Social Scientist. v 15, no. 169 (June 1987) p. 34.

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while the informal sector is growth inducing. The growth inducing potential of the informal sector was also the original position of ILO after the Keith Hart study team to Kenya in the early seventies. That original position—namely government policies should be oriented to support that sector as it provides large employment potential particularly under conditions of zero growth and stagnation in the formal sectors of the economies, has over the years been contested by the Marxist and neo Marxist schools, in particular what might be identified as the 'petty commodity production9 group. Before I spell out the logic, content and problems associated with this alternate view, it is necessary to note, at least very broadly, the power that can be associated with the first view. For instance in a study sponsored by USAID, Jerry Jenkins noted, "The emergence of informal economies cannot be explained without reference to formal policies of governments. To the extent that the aspirations of people are thwarted by the policies of the novernments the population of participants in informal economies will grow." Further she notes, "Third World governments with their growth retarding policies, in conjunction with Third World people and their irrepressible human spirit, are nonetheless creating incubators for free enterprise and institutional development that is predicated on performance rather than privilege". The prescriptions of agencies such as the IMF and World Bank today to most of the Third World countries including India are also not altogether unknown to us. All that is being emphasized here is that the view that the informal sector is the outcome of government controls, and that it is an example of free market economy, should not be viewed as an isolated fact but as part of the ideologico-politico discourse on develop pie ot, and we need to be clear of who initiates and promotes such a discourse.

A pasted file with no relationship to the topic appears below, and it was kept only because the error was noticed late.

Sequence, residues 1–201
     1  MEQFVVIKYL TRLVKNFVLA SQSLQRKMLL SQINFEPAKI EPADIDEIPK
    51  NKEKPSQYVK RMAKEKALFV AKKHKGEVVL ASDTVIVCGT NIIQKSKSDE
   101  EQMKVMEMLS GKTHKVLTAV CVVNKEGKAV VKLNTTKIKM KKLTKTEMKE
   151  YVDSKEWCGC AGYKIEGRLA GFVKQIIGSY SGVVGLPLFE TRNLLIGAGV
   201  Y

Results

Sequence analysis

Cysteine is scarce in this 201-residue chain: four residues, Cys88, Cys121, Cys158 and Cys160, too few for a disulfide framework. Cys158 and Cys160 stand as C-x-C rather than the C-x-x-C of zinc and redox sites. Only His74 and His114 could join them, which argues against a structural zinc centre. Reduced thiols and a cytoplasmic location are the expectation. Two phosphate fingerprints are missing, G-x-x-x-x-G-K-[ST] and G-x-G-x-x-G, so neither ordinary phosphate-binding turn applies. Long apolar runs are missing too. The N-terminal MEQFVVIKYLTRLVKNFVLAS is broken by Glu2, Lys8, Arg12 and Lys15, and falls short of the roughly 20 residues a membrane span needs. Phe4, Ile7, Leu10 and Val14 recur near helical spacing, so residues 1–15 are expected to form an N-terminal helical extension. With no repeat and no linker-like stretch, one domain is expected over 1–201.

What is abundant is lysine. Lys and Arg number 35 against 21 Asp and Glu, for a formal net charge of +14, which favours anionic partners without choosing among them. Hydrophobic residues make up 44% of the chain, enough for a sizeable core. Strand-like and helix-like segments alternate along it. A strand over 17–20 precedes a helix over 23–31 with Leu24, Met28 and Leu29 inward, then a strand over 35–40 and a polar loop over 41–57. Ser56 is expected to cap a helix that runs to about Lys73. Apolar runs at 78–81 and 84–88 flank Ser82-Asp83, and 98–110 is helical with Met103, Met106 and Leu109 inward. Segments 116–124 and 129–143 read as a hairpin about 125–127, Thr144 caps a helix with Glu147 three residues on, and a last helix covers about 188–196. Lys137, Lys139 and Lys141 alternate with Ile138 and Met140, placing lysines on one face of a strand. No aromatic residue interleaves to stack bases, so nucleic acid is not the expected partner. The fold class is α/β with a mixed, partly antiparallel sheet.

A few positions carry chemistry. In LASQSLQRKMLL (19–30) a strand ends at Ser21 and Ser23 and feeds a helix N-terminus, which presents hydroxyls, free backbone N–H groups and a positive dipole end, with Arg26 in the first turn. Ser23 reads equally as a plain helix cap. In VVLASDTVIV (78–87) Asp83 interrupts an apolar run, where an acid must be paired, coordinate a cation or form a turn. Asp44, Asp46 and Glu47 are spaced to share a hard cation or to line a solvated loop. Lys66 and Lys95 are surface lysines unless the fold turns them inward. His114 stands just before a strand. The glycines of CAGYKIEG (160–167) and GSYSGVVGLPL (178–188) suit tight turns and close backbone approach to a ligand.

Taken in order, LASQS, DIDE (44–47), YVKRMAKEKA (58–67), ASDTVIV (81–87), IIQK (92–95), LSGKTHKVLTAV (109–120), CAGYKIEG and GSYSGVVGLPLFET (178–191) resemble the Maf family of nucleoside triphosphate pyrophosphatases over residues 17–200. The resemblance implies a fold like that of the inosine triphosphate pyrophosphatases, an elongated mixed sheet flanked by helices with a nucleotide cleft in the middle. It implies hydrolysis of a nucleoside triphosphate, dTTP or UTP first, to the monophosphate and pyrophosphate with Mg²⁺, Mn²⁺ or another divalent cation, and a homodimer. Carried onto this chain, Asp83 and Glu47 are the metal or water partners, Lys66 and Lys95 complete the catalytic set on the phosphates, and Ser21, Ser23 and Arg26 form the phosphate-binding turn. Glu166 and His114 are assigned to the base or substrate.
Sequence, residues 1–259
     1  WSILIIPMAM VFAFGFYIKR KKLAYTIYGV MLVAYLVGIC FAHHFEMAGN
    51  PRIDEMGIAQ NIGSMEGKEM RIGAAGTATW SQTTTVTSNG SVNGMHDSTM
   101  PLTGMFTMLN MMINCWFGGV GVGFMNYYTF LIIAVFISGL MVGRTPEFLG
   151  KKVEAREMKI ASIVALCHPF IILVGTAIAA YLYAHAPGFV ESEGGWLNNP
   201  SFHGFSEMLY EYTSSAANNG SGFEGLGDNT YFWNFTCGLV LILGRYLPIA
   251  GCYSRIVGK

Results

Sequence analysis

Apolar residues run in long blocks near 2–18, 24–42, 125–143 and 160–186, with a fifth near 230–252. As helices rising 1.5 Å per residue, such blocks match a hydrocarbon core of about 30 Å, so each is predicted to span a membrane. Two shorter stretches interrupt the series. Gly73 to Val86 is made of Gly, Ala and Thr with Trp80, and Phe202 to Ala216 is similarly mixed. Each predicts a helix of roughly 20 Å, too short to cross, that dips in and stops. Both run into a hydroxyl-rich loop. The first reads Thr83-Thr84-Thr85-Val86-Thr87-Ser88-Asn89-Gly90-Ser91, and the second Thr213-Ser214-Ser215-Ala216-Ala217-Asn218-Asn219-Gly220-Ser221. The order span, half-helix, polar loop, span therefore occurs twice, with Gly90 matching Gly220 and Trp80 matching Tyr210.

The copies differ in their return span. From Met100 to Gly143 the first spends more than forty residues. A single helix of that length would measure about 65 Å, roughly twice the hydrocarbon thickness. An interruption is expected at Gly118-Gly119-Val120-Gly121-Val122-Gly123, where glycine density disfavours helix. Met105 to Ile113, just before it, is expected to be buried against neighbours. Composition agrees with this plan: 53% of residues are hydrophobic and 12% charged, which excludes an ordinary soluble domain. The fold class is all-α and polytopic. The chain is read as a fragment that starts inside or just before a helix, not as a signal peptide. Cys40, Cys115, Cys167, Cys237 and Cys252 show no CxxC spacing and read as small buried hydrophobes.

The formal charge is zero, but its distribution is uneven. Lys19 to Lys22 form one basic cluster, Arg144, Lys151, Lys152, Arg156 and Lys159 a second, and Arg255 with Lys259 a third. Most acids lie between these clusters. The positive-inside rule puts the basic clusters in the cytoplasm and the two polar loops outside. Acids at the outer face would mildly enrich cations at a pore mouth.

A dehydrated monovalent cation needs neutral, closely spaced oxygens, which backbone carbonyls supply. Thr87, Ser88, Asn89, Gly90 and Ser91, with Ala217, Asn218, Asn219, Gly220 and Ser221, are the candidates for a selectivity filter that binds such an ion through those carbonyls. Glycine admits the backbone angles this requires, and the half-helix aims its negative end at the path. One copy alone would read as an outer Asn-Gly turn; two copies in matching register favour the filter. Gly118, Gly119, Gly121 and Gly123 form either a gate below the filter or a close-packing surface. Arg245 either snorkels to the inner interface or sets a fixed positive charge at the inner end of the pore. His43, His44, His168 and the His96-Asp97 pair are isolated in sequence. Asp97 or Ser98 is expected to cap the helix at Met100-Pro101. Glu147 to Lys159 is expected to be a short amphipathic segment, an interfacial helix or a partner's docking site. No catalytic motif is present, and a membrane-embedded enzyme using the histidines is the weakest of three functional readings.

The o'her school of thought on the informal sector identified as 'petty commodity production' sees the evolution of the informal sector as structural, that is the outcome of an incomplete transition to capitalist development, and as the outcome of its articulation with extant pre-capitalist forms of production. The reasons for this incomplete transition vary Recording to contexts. In some cases it is the factors internal to a particular society, such as the limited size of home market that narrows the base of industrialization and hence of the formal sector, the existence of monopoly capital, the relative labour surplus and so on. It is also recognized that wh^e the structural factors contribute to the evolution and perpetuation of the informal sector, it is further exacerbated by policy measures of the government. The other viewpoint within the political economy of the petty commodity debate contexts the evolution and continuation to the incorporation of Third World economies into the world capitalist system in a dependent and subordinate position. While the existence of both these factors are undeniable, the intensity of each of these depended upon the specificities of each case, which also included in it the nature of the industrialization strategy, viz, the inward or outward lookingorientations of policy. The

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